The Dark Sun Rises
For Joseph, a slave in 1834 South Carolina, the adage “a little learning is a dangerous thing” proves more than true. At the age of 25 Joseph is a favored manservant to Abram Callcott, planter, and devout Christian. At the time, state law forbid literacy training for slaves. Discovered secretly reading the Bible by Calcott’s son, Joseph is subjected to some of the most inhumane treatment this reviewer has ever read. Calcott hires Joseph out to a Charleston mill-owner to protect him and then pays for him to be secretly educated. His experiences in the city and his ardent faith motivate Joseph to thirst for knowledge and freedom. But how can he run away and disappoint Calcott, more of a father to him than a master? And what about Rosa, the beautiful mulatto housemaid, with her own tortured story?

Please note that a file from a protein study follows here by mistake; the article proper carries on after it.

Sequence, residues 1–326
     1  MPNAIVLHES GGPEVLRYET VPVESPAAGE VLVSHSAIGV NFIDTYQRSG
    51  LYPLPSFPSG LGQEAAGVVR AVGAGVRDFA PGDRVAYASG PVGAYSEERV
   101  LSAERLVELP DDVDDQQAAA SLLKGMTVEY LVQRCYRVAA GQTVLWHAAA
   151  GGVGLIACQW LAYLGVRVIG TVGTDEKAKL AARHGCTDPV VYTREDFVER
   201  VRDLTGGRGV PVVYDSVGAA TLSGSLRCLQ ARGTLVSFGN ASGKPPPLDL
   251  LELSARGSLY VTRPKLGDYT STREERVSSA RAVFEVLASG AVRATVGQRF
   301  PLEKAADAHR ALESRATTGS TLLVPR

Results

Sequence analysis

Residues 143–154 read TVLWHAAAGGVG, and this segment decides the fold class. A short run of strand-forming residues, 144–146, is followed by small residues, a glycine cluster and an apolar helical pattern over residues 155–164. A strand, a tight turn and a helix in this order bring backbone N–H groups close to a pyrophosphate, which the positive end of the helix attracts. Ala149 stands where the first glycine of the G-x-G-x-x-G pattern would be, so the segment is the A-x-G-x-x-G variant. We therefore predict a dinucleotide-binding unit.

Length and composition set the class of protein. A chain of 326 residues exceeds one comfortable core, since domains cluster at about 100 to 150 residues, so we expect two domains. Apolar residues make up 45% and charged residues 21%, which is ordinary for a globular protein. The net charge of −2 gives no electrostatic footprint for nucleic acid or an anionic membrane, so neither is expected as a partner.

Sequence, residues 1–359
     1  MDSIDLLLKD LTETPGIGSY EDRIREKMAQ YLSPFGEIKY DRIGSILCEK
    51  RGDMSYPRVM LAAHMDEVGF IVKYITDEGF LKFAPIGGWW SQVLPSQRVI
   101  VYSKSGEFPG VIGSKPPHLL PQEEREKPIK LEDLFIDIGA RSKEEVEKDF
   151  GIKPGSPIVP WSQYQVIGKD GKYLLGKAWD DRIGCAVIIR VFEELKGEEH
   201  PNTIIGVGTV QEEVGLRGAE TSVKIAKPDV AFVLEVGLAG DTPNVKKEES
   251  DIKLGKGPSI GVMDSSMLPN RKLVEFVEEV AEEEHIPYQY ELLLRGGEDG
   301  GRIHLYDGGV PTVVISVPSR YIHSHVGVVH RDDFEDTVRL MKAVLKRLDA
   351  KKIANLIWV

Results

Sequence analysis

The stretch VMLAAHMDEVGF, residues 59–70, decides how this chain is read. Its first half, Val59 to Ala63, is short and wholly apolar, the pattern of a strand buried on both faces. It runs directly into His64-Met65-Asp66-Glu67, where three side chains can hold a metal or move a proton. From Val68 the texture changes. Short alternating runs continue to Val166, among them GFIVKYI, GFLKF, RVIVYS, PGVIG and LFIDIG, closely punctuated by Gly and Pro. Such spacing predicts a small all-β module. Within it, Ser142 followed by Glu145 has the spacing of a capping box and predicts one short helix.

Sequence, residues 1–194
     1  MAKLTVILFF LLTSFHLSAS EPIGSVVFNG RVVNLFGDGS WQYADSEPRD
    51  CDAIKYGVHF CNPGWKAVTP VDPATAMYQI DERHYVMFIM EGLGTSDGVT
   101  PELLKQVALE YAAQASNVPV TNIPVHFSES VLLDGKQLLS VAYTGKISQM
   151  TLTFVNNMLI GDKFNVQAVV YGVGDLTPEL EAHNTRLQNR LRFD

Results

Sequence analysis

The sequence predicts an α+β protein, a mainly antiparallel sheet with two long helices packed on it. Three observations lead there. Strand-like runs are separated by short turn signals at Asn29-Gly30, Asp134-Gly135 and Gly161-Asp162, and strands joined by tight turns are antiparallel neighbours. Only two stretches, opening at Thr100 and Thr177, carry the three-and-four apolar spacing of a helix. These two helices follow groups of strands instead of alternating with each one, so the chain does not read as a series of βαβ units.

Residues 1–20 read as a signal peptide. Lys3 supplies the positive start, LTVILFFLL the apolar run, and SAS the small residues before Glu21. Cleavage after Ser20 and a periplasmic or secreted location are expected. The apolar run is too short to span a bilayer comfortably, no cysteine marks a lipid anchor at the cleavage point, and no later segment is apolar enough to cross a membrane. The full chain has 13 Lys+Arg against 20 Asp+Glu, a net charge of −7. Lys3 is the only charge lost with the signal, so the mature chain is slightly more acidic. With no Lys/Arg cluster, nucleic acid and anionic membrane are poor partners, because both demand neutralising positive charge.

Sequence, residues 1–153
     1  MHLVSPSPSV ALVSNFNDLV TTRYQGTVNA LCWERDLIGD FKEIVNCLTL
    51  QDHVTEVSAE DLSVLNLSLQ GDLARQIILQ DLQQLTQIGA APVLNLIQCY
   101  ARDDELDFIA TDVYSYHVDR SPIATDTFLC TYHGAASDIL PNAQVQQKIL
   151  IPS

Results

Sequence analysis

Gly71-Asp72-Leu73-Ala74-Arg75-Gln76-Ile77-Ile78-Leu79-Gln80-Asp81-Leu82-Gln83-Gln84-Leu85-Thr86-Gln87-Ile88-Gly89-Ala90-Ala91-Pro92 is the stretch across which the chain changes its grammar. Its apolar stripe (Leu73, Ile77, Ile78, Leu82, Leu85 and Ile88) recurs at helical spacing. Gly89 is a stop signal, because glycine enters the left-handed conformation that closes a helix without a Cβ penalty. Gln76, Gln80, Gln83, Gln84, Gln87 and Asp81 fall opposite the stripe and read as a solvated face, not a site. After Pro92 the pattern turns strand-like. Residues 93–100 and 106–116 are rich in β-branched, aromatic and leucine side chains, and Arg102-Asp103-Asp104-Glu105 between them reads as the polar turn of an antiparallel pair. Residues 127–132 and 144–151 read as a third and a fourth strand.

In a novel that unashamedly promotes the Christian message, archetypes abound, but here, the device works. Superbly researched and documented, this page-turner does more than get across the Christian message. Williamson does a masterful job of showing the societal, legal, economic, and emotional damage that slavery entailed.